“Do you like illustrated articles?” asked The Western Home Monthly in 1901. The answer was obvious, but drawing attention to illustration reminded prairie and northern readers what a magazine subscription offered that small-town newspapers largely did not. In 1903 editors boasted that WHM was going to be “Amply Illustrated”—special articles in particular, “so that they may be of greater value along the line of instruction”—and that the cover newly printed in two colors and larger format would specifically “give better attention to illustration.” WHM also doubled as a showpiece for parent company Stovel Printing, which offered art services: some WHM illustrations are signed by Stovel Studio. An examination of illustration tells us much about publishers’ and audiences’ values—and about the power of the visual, material object to define identity and to act rhetorically.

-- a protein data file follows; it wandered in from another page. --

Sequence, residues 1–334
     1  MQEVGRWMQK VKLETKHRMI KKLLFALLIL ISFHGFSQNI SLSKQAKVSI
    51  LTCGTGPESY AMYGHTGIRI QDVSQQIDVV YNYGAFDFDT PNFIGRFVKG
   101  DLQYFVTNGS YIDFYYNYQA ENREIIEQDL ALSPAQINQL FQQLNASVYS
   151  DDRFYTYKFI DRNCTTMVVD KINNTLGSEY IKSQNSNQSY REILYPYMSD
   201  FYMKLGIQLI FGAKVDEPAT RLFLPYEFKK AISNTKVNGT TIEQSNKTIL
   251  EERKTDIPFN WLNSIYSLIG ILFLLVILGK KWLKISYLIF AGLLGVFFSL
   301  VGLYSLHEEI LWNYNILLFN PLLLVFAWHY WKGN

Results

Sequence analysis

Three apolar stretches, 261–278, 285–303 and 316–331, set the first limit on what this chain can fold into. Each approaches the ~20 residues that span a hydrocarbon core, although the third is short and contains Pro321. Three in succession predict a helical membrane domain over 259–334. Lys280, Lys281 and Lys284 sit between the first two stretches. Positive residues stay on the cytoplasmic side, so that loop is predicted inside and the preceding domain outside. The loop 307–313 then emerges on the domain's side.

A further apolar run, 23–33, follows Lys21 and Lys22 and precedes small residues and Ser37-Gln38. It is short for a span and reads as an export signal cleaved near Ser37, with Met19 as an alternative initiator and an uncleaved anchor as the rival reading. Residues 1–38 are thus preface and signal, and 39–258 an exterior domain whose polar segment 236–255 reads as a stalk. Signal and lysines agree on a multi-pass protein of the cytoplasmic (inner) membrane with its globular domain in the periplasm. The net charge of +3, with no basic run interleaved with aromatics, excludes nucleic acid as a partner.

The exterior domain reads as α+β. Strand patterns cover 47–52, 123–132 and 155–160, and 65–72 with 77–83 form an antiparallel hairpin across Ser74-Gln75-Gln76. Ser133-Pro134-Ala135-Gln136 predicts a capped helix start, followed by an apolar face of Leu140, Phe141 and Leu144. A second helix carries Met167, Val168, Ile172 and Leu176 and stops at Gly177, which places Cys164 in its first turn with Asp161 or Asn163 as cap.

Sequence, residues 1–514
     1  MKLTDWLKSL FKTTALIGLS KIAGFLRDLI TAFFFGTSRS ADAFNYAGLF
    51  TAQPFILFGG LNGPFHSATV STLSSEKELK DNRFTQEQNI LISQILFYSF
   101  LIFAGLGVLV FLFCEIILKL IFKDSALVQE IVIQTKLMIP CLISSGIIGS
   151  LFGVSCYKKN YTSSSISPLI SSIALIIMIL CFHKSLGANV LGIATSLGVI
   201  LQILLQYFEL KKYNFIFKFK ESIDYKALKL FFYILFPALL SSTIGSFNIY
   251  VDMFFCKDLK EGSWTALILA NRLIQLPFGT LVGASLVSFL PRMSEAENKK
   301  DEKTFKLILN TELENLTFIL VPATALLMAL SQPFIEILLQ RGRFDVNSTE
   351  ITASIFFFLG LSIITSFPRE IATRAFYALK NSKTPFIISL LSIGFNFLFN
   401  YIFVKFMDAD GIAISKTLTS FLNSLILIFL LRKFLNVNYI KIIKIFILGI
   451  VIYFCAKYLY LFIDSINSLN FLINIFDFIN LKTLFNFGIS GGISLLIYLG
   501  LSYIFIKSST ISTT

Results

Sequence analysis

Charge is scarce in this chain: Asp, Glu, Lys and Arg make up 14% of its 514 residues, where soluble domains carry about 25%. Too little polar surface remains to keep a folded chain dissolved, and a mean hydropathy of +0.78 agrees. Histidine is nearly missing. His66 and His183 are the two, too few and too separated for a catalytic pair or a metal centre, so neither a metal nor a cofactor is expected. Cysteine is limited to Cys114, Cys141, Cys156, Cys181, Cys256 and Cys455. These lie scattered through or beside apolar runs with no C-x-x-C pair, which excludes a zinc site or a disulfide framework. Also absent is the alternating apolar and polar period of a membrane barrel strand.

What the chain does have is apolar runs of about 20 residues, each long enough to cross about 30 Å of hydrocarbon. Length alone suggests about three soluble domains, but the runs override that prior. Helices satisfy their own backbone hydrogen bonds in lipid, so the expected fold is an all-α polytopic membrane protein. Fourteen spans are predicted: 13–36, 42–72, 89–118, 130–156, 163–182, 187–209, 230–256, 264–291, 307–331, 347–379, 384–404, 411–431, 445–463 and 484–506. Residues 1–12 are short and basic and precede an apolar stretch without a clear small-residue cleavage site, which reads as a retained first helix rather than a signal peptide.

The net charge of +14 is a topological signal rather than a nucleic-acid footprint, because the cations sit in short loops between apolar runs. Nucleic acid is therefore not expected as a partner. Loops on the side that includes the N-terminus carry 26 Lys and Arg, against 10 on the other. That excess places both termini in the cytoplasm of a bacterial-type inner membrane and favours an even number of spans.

There is always some degree of confusion when I tell people that I am getting my PhD in English by writing a dissertation about wordless novels. While I’m used to giving my “elevator pitch” to fellow academics, describing my project to people outside of academia can be more of a challenge: